The 2018 Cardinals season is rapidly reaching its conclusion, and it’s ending with a thud. There are three games remaining as of this writing and they need to make up a game on the Dodgers just to force a one-game playoff... for the right to to reach another one-game playoff in Milwaukee. It’s a nasty ending after a thrilling second half that saw the Cardinals vault themselves back into contention and even take command of their own destiny. It’s the equivalent of eating a five-star meal and chasing it down with a big glass of rancid milk (the appetizer kind of sucked, too, if I’m being honest). I’m not here to talk about all of that today, though I’ll have lots of thoughts about the direction of the off-season in coming weeks. Today, I want to right a wrong. You see, this season marks the 50th anniversary of Bob Gibson’s 1.12 ERA in 1968. It has barely received a mention here, lost in a topsy turvy season from the current squad. Gibson’s 1968 was too good to ignore. The Cardinals have been celebrating the accomplishment all season under the hashtag #CompleteGamer. Let’s join in on the fun and do a deep dive on one of baseball’s most sacred individual seasons.
Perhaps the best way to begin describing this season is by pointing out that Gibson had three miniature seasons within his 1968. This graph will tell the story:
Act I: Flirting with Greatness
After starting the opening end of a June 2nd doubleheader against the Mets, Gibson had a 2.12 RA/9 across his first 11 games. The season had started well enough. Even in a season where run-scoring was suppressed to the tune of 3.4 runs per team per game, a 2.12 RA/9 is very impressive. During this stretch, Gibson was dinged for 3 runs on four occasions. Once, he even gave up five whole runs in a single game- a 5-1 complete game loss to the Cubs in his third start. He had yet to throw his first of many shutouts on the season. Through June 2nd, his record was a modest 4-5.
In games where he didn’t give up 3 runs, he flashed the form that would eventually anchor his mythological season. He rang in the new season with 7 innings of one-run ball against Atlanta on Opening Day, earned a complete game 2-1 victory over the Pirates late in April, and tossed 12(!) innings in a complete game victory over Houston on May 2nd.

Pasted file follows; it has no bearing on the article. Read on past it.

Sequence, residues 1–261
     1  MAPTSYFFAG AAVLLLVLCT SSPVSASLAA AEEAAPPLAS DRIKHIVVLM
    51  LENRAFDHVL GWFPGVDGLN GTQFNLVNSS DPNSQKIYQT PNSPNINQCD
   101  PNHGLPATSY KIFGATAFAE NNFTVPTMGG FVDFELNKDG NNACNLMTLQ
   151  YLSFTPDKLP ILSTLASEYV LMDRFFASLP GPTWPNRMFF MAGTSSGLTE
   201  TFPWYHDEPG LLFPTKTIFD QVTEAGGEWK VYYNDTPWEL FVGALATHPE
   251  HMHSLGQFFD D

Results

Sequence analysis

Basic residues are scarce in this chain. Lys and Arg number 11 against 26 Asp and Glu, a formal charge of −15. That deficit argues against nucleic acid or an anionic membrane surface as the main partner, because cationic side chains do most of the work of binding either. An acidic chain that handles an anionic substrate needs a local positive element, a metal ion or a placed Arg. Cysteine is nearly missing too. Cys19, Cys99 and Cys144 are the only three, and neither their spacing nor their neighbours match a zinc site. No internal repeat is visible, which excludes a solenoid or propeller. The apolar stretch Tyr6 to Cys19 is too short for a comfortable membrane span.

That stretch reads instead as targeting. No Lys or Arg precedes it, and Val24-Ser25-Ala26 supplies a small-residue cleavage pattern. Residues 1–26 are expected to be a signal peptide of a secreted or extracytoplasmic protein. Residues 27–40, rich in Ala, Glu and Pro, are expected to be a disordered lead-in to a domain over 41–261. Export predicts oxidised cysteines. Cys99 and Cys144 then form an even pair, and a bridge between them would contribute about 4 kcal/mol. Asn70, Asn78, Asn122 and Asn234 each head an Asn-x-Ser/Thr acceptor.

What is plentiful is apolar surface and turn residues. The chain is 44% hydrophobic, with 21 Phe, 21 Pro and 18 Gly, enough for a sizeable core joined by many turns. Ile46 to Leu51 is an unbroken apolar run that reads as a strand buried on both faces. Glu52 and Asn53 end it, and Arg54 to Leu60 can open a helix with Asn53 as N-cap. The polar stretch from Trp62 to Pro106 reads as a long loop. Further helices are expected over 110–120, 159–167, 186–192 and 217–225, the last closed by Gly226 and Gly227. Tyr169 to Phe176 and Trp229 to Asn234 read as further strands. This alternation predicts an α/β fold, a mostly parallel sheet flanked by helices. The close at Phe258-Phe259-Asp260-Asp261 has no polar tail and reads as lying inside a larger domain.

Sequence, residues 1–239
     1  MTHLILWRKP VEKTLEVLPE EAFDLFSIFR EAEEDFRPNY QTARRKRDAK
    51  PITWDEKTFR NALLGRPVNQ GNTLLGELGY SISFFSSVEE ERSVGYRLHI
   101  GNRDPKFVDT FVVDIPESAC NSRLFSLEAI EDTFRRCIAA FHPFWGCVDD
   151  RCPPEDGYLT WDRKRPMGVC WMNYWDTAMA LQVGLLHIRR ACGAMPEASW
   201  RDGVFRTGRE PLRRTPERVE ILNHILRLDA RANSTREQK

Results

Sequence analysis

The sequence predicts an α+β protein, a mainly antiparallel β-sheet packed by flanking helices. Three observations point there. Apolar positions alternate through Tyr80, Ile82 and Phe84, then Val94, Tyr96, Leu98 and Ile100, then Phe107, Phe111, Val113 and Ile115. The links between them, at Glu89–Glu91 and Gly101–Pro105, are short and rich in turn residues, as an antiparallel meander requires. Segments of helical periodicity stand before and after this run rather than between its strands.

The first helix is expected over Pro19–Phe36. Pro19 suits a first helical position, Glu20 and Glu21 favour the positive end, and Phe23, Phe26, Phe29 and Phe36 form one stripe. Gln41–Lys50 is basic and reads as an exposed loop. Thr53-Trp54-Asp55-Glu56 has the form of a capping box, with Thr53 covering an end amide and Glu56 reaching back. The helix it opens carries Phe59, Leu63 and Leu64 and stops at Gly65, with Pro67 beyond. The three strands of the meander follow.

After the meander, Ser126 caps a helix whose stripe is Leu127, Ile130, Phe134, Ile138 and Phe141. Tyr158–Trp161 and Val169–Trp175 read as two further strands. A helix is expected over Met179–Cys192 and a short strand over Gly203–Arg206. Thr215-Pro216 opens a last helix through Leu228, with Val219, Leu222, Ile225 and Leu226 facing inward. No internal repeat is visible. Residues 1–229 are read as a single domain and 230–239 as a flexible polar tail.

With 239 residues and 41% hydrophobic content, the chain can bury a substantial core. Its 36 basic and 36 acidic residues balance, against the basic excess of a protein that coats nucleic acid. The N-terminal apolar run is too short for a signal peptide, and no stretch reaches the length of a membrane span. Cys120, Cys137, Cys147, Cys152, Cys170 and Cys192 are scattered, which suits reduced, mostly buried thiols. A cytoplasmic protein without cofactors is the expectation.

His May 6th outing against the Mets registered his best game score all season. In a purist’s dream, Gibby and Tom Seaver locked horns for for 11 innings, each yielding a single run entering the bottom of the 11th. Lou Brock tripled to lead off the inning and Orlando Cepeda brought him home to send Gibson home with the win. By the time the smoke cleared that day, he had twirled 11 innings, struck out 11, yielded just three singles and a walk, and accrued a game score of 97.
His 4-5 record was clearly not his fault. His teammates were giving him a mere 2.1 runs of support per game. Twice, the Cardinals were shut out backing Gibson, including a maddening 1-0 loss to the Phillies in 10 innings. It was part of a three game stretch from May 17th through the 28th in which they collectively scored a single run in support of their ace. As great as he’d been, run support or not, things were about to change in early June.
Act II: A Legend is Born
Gibson kicked his great season into overdrive beginning on June 6th. Over an 18 game stretch, he transformed his season from a truly great season into one of the very best ever. Most of the heavy lifting was done in the first 11 games in the middle section of the season. From June 6th until the end of the month, he didn’t give up a single run, a span stretching a breathtaking 45 innings. Coupled with the final two innings he shut down the Mets on June 2nd, it added up to 47 consecutive scoreless innings.
In that June stretch, he shut down the Astros featuring Le Grand Orange, Rusty Staub; a Braves lineup loaded with Hank Aaron, Joe Torre, and Felipe Alou; the Reds, who possessed the Big Red Machine in its infancy; a matchup with Ron Santo and Billy Williams of the Cubs; and a Pirates lineup peppered with future Hall of Famers Roberto Clemente and Bill Mazeroski. In the end, the quality of opposition made no difference. From June 6th until the end of the month, he yielded a slash line of .141/.174/.161, a .335 OPS. He turned every single hitter into something approximating Luke Weaver or Jack Flaherty at the plate.
Gibson followed up his 0.00 RA/9 June with a 0.50 RA/9 in July. From June 6th until the end of July, Gibson threw 99 innings and allowed three runs. That’s a 0.27 RA/9 (and ERA). Those are video game numbers before video games existed. He gave up one run approximately every four games. For three out of four Gibson starts, opposing hitters could have replaced their bats with a pool noodle and gotten comparable results.